Thousands of eye injuries occur nationwide every day, including in Pennsylvania. Do you give eye safety the consideration it deserves? Does your employer provide appropriate personal protective equipment to prevent eye injuries?
Eye damage can occur in a split second, and although these injuries are preventable, you cannot eliminate all the threats by using engineering controls. For that reason, eye protection that fits properly is critical.
Common occupational eye injury hazards
An eye injury can occur without warning, and familiarizing yourself with the following potential risks might save your eyesight:
- Fine particles: Most eye injuries involve fine particles of dust from cement or sand, or dust produced in manufacturing processes like sawing or grinding wood, steel and other materials that are windblown or ejected from machines.
- Blunt-force trauma: Struck-by injuries can cause blunt trauma to your eye socket or the eyeball.
- Penetration: Flying objects from tools like nail or staple guns and debris such as slivers of metal and wood can cause permanent vision loss if they penetrate the eyeball.
- Chemical burns: Industrial chemicals can cause severe burns to both your eyes.
- Thermal burns: The UV rays produced by a welder's flash can damage your eyes and the surrounding tissue.
Precautions you can take
You may be able to assess your workstation and identify potential hazards. Make sure all safeguards are in place before proceeding with your tasks. Take the following steps to protect your eyes:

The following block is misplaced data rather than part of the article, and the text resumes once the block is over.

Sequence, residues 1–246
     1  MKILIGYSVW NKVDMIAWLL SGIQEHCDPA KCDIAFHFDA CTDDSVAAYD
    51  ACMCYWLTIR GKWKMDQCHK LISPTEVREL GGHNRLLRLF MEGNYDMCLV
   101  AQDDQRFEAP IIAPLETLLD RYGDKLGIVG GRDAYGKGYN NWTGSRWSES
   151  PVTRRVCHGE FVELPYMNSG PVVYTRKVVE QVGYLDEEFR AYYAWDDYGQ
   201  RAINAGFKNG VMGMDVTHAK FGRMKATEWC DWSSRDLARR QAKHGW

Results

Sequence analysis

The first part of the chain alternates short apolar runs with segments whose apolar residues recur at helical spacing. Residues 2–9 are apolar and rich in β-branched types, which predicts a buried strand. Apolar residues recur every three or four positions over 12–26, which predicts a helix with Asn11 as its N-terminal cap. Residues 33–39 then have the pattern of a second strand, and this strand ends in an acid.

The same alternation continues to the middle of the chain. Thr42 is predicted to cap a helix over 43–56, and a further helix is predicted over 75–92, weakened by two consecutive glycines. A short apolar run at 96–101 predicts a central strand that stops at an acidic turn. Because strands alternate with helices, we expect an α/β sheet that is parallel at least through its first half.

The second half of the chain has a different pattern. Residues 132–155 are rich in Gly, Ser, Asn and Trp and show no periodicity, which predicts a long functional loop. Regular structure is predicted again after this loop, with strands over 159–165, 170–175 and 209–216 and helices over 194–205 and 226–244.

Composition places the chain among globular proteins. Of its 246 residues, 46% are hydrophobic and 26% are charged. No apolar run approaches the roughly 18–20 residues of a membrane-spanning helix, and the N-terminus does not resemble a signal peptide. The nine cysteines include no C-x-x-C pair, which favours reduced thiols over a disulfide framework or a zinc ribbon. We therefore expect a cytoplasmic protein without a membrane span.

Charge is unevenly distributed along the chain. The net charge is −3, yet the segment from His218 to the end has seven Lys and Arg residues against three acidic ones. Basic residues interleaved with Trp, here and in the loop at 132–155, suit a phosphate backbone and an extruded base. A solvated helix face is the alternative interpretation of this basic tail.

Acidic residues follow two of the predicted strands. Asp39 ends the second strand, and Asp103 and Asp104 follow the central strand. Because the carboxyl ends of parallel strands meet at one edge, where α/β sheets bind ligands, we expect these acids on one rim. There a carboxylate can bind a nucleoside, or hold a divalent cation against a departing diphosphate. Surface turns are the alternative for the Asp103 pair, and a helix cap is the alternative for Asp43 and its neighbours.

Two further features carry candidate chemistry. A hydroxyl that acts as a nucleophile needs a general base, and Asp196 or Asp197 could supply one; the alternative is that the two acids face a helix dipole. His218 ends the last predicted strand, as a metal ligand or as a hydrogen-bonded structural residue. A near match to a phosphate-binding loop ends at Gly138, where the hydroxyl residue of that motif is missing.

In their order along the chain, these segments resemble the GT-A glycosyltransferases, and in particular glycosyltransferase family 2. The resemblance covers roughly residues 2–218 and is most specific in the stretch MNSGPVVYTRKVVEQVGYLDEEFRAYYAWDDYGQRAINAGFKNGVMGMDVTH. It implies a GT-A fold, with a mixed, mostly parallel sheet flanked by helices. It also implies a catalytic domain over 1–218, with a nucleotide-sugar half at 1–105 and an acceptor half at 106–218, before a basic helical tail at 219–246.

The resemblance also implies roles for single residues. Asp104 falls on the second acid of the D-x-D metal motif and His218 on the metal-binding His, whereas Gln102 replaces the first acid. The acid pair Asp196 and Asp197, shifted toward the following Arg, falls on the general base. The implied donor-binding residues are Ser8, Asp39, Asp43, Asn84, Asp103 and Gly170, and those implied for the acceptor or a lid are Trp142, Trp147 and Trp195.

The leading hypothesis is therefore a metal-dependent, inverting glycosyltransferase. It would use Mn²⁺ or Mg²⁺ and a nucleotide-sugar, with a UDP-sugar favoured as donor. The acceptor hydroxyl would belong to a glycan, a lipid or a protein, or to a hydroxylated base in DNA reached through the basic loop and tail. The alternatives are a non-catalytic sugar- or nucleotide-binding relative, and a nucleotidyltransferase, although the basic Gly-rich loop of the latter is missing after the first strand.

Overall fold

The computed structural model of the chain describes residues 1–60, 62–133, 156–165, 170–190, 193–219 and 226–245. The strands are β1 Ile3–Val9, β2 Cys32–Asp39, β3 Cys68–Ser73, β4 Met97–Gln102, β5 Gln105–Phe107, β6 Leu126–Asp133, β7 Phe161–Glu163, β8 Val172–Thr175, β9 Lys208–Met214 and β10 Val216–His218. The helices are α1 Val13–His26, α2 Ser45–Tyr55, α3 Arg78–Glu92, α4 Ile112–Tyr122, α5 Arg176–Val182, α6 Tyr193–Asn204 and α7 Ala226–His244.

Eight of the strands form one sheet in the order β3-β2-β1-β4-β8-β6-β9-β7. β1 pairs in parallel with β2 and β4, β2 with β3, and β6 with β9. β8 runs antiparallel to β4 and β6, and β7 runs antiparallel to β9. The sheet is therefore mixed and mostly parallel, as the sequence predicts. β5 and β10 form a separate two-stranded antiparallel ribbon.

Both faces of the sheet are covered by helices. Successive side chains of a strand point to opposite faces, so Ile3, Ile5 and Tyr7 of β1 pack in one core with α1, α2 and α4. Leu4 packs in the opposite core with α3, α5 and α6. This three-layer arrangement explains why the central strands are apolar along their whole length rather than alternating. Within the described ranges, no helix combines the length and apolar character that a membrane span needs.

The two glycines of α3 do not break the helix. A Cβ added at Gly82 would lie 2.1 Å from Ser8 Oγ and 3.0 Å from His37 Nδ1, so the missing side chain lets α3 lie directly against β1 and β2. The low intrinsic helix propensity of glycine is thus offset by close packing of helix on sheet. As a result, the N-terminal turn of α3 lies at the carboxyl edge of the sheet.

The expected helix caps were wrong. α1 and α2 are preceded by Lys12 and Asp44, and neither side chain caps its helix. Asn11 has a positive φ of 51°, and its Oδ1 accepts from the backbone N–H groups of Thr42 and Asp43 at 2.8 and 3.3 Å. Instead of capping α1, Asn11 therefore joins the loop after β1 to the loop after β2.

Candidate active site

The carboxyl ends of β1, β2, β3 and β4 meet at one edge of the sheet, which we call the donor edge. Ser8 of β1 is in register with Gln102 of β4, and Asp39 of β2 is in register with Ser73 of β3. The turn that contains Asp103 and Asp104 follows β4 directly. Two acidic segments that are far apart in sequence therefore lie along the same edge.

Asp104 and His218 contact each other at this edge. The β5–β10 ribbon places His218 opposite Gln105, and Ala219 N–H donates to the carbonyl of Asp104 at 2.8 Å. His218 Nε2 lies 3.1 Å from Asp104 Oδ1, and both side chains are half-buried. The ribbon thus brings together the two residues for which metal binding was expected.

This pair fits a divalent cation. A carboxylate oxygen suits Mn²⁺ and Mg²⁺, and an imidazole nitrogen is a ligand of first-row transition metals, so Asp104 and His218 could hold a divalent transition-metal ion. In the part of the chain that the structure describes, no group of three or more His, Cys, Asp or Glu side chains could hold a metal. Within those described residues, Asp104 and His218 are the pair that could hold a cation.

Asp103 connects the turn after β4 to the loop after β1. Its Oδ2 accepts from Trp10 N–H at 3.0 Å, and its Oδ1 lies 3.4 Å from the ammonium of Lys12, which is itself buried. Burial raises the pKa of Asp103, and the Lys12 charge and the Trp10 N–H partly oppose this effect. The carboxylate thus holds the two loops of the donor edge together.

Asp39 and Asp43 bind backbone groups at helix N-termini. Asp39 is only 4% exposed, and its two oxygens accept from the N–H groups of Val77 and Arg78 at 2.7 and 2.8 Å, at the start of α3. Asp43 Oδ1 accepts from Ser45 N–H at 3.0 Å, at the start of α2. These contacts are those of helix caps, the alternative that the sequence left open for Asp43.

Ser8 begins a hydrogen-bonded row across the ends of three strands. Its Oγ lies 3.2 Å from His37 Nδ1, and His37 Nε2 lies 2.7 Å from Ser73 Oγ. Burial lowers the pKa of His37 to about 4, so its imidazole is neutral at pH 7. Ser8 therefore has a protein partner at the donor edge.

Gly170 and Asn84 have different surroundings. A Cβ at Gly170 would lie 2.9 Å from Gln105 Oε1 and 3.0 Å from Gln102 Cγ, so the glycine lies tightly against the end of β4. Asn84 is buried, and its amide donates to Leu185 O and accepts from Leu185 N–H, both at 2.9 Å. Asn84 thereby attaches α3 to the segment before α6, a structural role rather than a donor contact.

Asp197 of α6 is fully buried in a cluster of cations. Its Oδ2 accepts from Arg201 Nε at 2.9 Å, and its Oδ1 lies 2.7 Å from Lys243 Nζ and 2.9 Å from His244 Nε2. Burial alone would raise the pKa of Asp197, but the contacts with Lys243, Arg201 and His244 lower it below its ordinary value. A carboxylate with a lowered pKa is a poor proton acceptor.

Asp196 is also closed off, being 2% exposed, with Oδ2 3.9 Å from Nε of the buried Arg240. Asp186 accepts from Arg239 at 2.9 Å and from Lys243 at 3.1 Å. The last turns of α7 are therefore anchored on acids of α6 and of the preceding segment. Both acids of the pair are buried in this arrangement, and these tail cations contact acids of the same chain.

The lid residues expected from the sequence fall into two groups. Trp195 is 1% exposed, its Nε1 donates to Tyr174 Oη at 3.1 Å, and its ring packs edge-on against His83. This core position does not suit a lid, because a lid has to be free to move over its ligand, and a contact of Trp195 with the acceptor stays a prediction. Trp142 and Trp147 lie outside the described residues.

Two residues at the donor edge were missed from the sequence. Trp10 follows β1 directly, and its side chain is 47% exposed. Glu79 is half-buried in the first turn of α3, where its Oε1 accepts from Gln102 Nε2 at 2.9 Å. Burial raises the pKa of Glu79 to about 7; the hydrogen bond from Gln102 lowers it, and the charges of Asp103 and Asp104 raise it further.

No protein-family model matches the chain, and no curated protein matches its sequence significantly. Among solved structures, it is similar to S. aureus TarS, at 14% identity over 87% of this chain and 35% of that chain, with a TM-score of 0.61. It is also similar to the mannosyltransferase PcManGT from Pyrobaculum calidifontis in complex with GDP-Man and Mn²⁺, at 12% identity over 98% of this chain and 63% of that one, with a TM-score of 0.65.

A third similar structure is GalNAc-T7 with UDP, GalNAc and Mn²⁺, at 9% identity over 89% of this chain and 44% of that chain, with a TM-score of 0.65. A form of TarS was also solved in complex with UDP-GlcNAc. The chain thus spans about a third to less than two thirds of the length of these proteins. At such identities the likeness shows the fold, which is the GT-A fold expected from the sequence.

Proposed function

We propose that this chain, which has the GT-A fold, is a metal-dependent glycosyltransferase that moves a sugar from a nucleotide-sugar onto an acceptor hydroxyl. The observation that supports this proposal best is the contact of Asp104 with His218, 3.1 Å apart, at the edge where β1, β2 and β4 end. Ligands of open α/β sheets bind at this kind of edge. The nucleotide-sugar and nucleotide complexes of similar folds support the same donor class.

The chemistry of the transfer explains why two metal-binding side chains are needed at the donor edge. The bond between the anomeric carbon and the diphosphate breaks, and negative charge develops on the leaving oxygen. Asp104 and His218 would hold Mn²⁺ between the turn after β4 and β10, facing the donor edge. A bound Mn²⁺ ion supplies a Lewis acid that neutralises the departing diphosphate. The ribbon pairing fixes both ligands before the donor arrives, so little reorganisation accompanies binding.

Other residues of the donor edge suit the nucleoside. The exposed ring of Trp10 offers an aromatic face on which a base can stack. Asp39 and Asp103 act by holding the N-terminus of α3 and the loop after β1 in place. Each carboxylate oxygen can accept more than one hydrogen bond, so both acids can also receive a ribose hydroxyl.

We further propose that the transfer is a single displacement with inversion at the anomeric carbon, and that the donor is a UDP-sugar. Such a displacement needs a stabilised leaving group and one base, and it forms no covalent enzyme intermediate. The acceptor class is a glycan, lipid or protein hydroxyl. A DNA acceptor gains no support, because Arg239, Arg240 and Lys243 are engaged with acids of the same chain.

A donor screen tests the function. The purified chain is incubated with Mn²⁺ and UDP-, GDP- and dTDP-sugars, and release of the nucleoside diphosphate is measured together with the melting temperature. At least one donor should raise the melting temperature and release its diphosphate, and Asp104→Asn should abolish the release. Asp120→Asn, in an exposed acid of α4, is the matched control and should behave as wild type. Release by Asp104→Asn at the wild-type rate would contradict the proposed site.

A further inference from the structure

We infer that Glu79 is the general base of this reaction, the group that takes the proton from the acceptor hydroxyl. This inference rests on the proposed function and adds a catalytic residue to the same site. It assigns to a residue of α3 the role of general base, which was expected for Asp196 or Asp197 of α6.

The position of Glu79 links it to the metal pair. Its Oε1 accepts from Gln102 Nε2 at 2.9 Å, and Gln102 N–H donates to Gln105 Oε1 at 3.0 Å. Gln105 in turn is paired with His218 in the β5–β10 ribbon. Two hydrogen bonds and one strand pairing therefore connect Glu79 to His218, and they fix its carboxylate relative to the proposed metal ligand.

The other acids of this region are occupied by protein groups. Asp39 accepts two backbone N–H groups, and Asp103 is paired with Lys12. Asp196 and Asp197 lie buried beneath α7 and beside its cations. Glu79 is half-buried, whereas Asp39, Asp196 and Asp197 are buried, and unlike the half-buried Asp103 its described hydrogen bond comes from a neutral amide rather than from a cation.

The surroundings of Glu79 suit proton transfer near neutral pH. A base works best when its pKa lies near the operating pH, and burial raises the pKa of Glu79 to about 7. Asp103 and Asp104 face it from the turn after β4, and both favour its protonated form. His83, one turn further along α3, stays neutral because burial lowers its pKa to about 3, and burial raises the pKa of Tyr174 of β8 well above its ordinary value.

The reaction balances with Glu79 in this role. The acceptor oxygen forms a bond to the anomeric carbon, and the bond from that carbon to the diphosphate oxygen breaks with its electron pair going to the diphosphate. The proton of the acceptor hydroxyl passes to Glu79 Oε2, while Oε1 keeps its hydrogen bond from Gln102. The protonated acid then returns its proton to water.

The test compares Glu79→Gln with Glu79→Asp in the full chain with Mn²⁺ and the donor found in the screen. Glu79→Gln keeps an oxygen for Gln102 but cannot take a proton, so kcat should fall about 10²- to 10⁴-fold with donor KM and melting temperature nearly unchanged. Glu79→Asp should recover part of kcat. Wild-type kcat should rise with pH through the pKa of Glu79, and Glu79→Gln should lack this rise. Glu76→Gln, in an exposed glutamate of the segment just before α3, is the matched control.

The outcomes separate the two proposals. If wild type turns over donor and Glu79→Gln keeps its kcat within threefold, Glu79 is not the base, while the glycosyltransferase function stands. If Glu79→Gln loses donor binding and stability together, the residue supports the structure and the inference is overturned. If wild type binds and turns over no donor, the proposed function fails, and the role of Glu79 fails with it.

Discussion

- Avoid danger zones: Try to position yourself out of the line of fire. Stand upwind from blowing dust or debris, and avoid areas where other workers' jobs cause flying debris.
- Personal protective equipment: The job you do will determine whether you need safety goggles, a face shield or safety glasses. Make sure whichever you choose fits correctly and carries the approval of safety authorities.
- Avoid UV exposure: Even if you are not the welder, UV exposure can damage your eyes if you are nearby. Make sure you stay behind a protective barrier and wear eye protection.
- Eyewash stations: Be aware of the location of eyewash stations, and rinse your eyes immediately if you get chemicals or other objects in your eyes. Also, avoid rubbing your eyes because any foreign objects that get into your eyes can scratch the cornea and cause permanent damage.
Despite your best efforts to protect your eyes, accidents happen, and you might suffer injuries that cause lost workdays and medical expenses. Fortunately, the state-regulated workers' compensation insurance system covers occupational eye injuries. An experienced Pennsylvania workers' compensation attorney can help you with the navigation of the complicated process of claiming benefits, which can cover your medical bills and replace lost wages. If your eye injury cased permanent disability, your lawyer will know how to pursue additional benefits to which you may be entitled.